One way to read this verse is as promoting the idea that “we are our deeds.” Everything dies eventually, even the self itself. What lives on is not an immortal soul that dances in heaven but the deeds one does in life, which live on in the memories of the living. Reading the Old Norse poem this way can be supported by comparing the verse to an incredibly similar one in the Old English poem known as The Wanderer:
Here wealth is temporary, here a friend is temporary,
here oneself is temporary, here a kinsman is temporary;
all the foundation of the earth will become worthless!
Two pairs of Old Norse and Old English words in these verses are related: /feoh (“cattle”/“wealth”) and frændr/frēond (“kinsmen”/“friend”). Even in translation, the verses are clearly parallel. The message of the endings of each verse, however, are quite different. The Old Norse poem responds to a recognition of the finite nature of life by insisting that deeds in this world are what matter, that – as in the other verse discussed earlier – you shouldn’t lay awake at night worrying about what happens after you die; your actions in this life are what truly matter to those around you. The Old English poem responds to the same realization of mortality by denigrating the worth of the world itself and suggesting that the afterlife is all that truly matters; this is made explicit in the conclusion of the poem, which is written from a medieval Christian worldview.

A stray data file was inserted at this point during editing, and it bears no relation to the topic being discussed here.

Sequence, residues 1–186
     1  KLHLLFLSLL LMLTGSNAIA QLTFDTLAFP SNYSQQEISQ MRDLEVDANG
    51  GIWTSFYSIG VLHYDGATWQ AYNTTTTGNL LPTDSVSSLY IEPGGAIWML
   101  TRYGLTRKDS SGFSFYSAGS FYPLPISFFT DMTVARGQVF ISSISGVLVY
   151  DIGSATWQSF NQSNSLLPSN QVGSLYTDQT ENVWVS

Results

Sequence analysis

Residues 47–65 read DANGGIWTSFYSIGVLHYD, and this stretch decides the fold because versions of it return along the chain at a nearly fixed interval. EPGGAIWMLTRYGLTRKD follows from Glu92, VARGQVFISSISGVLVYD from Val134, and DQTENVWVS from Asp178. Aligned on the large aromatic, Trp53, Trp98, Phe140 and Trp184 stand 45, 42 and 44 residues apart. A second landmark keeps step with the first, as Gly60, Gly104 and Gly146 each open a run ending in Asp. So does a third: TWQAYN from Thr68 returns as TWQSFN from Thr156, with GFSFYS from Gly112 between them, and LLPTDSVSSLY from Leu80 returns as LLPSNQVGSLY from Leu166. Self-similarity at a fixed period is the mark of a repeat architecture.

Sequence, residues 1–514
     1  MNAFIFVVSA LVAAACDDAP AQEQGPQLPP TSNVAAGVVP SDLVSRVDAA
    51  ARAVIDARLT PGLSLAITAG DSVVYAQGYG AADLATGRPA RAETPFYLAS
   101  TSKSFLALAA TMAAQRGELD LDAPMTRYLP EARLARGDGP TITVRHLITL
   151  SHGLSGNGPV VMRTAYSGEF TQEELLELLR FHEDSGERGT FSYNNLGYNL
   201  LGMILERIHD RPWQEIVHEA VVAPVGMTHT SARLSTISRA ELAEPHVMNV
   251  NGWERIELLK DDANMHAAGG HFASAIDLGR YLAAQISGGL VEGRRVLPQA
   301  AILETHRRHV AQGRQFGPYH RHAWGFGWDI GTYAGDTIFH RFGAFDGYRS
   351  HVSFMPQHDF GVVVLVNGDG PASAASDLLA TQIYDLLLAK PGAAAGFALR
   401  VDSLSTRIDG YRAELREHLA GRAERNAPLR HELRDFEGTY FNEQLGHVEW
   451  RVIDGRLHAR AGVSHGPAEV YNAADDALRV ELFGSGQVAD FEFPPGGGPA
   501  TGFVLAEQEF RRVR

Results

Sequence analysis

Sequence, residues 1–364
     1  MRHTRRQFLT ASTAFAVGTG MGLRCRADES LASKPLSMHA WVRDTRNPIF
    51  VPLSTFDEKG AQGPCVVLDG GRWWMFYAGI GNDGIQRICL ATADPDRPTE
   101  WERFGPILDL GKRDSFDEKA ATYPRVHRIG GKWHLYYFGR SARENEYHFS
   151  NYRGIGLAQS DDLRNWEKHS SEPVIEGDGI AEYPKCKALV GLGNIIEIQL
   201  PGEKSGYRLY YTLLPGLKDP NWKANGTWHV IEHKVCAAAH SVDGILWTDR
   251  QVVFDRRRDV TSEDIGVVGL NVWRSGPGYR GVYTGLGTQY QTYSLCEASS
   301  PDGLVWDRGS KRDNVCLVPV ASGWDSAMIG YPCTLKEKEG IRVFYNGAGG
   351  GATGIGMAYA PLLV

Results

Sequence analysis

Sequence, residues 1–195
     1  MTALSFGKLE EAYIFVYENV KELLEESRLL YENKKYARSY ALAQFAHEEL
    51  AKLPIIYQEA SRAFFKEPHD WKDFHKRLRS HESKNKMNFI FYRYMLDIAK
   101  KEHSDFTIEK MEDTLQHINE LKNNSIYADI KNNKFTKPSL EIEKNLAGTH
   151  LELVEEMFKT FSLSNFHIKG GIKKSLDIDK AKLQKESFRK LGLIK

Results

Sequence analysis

What is there to learn here? For one thing, if this reading is correct, it suggests that there were real and fundamental differences between the worldviews of Norse polytheism and Christian monotheism. Not just in the number of gods, but in the nature of the individual’s relationship to life and to the world. Is the meaning of life to be found in its living, or is earthly existence just a worthless sojourn before eternal bliss? Again, this isn’t so much about finding answers in these old poems, but about asking questions with them and reflecting on what answers may be meaningful.

What is something often mistaken or debated about Norse mythology?

I know that I just answered your previous question by talking about death, but I really do think that the notion that Norse mythology and religion are dark, doomy, and depressing is a mistaken one. For example, the verse from the Odin poem about an individual’s reputation living on after the person dies is, I think, a hopeful one. It suggests that living your life has meaning and value, that what you do during your years on earth is absolutely not worthless – as the Old English poet insists – but that your deeds will live on and your life really does matter. To me, that is the opposite of gloomy. It is a powerful statement of the deep value of all life and all lives.